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Multidisciplinary team review of best practices for collection and handling of blood cultures to determine effective interventions for increasing the yield of true-positive bacteremia, reducing contamination, and eliminating false-positive central line-associated bloodstream infections

Garcia RA, Spitzer ED, Beaudry J, Beck C, Diblasi R, Gilleeny-Blabac M, Haugaard C, Heuschneider S, Kranz BP, McLean K, Morales KL, Owens S, Paciella ME, Torregrosa E
Am J Infect Control. 2015 Nov 1;43(11):1222-37.
Stony Brook University Hospital, Stony Brook, NY

  • Skin, however, cannot be sterilized during antisepsis procedures because approximately 20% of bacteria are imbedded within deep layers of the epidermis and dermis.
  • Blood cultures should be obtained prior to starting antibiotic therapy to optimize the recovery of pathogens.
  • Estimated up to 50% of all blood cultures originate in the ED. Crowding in EDs is correlated with higher rates.
  • Improper collection of blood cultures is associated with suboptimal treatment of patients, increased financial burdens, and potential over-reporting of CLABSI.
  • Costs of a false positive blood culture range from $4500-$10,000.

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Impact of blood cultures drawn by phlebotomy on contamination rates and health care costs in a hospital emergency department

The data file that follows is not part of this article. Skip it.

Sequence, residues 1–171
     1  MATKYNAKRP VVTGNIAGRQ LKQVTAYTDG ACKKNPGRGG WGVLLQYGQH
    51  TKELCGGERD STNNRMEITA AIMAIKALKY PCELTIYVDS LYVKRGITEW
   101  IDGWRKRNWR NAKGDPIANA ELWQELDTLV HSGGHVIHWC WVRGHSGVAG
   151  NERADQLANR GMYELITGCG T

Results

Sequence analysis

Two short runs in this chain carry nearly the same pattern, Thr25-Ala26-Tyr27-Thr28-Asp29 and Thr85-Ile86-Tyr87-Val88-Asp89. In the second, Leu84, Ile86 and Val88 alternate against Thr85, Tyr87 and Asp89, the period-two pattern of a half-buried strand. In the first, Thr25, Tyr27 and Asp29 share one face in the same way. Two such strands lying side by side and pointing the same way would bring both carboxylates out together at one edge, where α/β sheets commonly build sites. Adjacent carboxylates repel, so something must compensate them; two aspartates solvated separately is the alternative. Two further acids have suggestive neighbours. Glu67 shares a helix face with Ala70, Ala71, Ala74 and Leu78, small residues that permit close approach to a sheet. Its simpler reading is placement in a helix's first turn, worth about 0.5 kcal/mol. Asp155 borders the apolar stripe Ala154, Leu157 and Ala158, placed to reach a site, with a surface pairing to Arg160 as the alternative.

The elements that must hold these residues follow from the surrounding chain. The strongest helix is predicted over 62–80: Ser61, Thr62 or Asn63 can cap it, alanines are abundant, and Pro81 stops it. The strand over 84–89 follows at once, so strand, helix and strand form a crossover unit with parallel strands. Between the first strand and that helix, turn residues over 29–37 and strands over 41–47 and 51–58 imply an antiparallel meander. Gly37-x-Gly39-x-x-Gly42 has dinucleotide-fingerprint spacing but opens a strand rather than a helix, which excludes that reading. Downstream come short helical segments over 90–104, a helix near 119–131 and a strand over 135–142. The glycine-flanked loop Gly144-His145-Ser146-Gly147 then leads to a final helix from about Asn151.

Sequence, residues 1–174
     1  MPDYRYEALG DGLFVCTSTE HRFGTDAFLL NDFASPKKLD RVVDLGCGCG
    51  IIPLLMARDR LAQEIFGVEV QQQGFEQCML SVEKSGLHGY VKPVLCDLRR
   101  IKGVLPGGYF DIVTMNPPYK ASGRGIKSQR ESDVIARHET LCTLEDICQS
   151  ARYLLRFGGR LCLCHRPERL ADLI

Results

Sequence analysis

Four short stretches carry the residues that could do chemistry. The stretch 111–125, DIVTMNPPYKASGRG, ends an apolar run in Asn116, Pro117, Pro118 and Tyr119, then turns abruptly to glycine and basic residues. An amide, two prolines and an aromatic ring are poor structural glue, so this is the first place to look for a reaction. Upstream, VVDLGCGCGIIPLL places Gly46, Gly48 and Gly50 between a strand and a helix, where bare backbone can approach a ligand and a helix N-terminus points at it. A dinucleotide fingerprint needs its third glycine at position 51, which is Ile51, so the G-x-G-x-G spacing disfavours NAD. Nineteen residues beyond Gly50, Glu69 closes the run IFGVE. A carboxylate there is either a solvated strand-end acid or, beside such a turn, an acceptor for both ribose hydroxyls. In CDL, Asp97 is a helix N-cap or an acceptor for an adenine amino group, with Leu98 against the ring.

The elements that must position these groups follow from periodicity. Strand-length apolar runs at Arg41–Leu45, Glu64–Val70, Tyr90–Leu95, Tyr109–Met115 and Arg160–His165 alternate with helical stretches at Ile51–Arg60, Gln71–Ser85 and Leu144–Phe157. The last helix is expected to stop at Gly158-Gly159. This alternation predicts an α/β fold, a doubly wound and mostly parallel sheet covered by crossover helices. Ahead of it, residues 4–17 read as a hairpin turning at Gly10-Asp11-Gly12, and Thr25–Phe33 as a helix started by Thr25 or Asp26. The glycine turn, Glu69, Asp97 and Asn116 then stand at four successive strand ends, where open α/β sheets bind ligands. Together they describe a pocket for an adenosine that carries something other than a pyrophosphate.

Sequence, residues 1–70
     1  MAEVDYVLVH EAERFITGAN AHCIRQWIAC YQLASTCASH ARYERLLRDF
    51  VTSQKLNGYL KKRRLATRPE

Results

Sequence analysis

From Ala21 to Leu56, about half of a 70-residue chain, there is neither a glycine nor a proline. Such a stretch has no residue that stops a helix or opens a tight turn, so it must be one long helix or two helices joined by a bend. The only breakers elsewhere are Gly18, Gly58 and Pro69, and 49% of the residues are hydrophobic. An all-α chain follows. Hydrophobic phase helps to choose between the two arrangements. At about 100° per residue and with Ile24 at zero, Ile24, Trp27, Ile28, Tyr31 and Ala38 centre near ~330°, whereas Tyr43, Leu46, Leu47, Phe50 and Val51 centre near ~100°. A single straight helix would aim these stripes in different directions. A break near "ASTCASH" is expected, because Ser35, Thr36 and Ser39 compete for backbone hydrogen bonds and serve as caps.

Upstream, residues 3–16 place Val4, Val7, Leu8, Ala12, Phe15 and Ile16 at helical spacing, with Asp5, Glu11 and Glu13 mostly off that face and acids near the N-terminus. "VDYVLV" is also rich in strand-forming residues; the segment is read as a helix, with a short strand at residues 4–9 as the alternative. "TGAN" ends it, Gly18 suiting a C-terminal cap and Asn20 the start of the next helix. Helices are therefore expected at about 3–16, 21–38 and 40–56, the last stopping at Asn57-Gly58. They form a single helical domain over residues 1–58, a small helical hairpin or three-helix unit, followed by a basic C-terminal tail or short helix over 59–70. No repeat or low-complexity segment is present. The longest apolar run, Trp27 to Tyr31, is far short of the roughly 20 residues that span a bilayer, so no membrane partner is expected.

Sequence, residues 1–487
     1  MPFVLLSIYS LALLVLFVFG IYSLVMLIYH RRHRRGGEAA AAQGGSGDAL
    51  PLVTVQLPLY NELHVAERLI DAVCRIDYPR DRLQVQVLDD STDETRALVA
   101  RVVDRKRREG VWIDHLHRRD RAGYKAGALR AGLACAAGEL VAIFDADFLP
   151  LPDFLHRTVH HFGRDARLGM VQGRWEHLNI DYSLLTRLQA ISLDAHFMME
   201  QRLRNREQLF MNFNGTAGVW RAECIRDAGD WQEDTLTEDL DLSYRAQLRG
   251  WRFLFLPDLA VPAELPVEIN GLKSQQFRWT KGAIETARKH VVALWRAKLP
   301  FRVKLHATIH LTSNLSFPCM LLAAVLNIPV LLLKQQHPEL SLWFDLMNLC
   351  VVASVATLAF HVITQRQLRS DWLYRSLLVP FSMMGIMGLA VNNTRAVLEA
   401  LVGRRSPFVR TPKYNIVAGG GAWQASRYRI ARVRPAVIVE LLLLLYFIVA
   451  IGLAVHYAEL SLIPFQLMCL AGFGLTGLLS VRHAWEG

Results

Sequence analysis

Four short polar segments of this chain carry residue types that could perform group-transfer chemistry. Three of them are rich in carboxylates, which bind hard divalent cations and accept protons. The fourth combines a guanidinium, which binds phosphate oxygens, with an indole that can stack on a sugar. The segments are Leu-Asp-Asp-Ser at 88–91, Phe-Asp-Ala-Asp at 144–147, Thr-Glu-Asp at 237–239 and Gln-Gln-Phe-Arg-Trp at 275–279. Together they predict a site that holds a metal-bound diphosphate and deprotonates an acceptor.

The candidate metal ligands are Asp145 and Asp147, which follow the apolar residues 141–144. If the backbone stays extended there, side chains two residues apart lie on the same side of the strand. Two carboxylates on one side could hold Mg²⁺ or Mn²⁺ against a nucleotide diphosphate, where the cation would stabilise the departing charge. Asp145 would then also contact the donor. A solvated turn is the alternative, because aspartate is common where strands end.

Gander RM, Byrd L, DeCrescenzo M, Hirany S, Bowen M, Baughman J
J Clin Microbiol. 2009 Apr;47(4):1021-4.
University of Texas Southwestern Medical Center, Dallas, Texas

  • Demonstrated the value of phlebotomists in reducing rates of false positive blood cultures.
  • Phlebotomists had a false positive blood cultures rate of 3.1 which was better than the non-phlebotomists (5.6 and 7.4).
  • Comparison of median patient charges between negative and false-positive episodes ($18,752 versus $27,472) showed a $8,720 difference while the median length of stay increased from 4 to 5 days.
  • By utilizing phlebotomists to collect blood cultures in the ED, contamination rates were lowered to recommended levels, with projected reductions in patient charges of approximately $4.1 million per year

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A national survey of interventions and practices in the prevention of blood culture contamination and associated adverse health care events

Garcia RA, Spitzer ED, Kranz B, Barnes S
Am J Infect Control. 2018 May;46(5):571-576. Epub 2017 Feb 1.
Stony Brook University Hospital, Stony Brook, NY

  • 80% of respondents report a blood culture contamination rate less than 3%.
  • 90% of hospital protocols emphasize direct venipuncture.
  • About 60% report that hospitals likely submit CLABSI data to NHSN attributable to blood culture contamination.

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Blood culture use in the emergency department in patients hospitalized for community-acquired pneumonia

Makam AN, Auerbach AD, Steinman MA.